There's not much in the way of plot, and the images are badly pixelated. But two new videos from NASA's New Horizons mission are thrilling anyway. The brief animations--the mission's first color movies--show the complex "orbital dance" of Pluto and its biggest moon, Charon.
One of the videos is centered on Pluto so that the dwarf planet appears stationary as Charon orbits it (below). The other presents a so-called barycentric view, meaning it shows Pluto and Charon moving around the center of gravity that the two bodies share.
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Pluto-centric view of the orbits of Pluto and its biggest moon, Charon.
Barycentric view of Pluto and Charon.
The grainy videos were assembled from images taken by the New Horizons spacecraft on nine occasions from May 29 through June 3, 2015. They show Pluto as a beige-orange dot doing a cosmic waltz with Charon, which appears as a small gray dot.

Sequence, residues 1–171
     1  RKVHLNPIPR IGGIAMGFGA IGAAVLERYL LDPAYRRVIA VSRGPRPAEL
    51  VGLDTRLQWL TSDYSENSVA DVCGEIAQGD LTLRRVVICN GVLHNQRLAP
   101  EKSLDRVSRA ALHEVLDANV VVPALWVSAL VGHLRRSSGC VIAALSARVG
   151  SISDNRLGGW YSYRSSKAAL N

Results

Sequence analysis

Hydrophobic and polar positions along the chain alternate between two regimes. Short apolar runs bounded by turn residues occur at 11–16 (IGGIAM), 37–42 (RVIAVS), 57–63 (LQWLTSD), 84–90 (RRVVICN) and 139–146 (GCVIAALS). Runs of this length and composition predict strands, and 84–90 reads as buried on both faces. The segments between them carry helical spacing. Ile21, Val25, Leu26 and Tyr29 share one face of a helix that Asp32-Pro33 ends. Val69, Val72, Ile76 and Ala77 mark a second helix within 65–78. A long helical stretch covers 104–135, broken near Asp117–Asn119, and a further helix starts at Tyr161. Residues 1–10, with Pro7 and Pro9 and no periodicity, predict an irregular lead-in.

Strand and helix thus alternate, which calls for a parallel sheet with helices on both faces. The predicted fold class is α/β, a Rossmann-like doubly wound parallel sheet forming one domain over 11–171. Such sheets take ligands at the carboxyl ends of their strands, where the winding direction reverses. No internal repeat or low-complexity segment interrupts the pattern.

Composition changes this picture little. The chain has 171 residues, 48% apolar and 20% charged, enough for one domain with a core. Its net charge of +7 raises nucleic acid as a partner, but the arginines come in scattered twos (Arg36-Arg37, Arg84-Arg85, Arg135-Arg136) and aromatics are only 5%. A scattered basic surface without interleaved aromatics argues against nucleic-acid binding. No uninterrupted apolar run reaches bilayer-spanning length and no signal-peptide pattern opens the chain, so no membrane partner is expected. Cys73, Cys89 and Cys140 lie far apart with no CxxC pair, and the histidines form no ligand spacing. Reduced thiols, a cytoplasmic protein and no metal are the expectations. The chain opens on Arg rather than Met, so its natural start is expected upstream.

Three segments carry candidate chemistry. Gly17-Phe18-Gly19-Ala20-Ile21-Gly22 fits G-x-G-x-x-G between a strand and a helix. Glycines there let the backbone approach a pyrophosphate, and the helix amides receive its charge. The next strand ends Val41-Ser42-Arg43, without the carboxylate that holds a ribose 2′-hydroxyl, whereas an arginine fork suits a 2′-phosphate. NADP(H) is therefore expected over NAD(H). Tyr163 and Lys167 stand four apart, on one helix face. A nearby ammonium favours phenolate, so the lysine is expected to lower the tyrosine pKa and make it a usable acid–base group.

"It's exciting to see Pluto and Charon in motion and in color," Alan Stern, the mission's principal investigator, said in a written statement issued by NASA. "Even at this low resolution, we can see that Pluto and Charon have different colors... Exactly why they are so different is the subject of debate."
And it's one debate that might soon be solved. The New Horizons spacecraft--the first ever to Pluto--is scheduled to make its closest approach to the distant dwarf planet on July 14. On that date it will zip by at about 7,800 miles above Pluto's surface.
"Color observations are going to get much, much better, eventually resolving the surfaces of Charon and Pluto at scales of just kilometers," Cathy Olkin, deputy project scientist for the mission, said in the NASA statement. "This will help us unravel the nature of their surfaces."
The piano-sized New Horizons probe was launched on Jan. 19, 2006. Its goal is to explore Pluto and its moons as well as objects in the Kuiper Belt, the region of the solar system beyond the planets.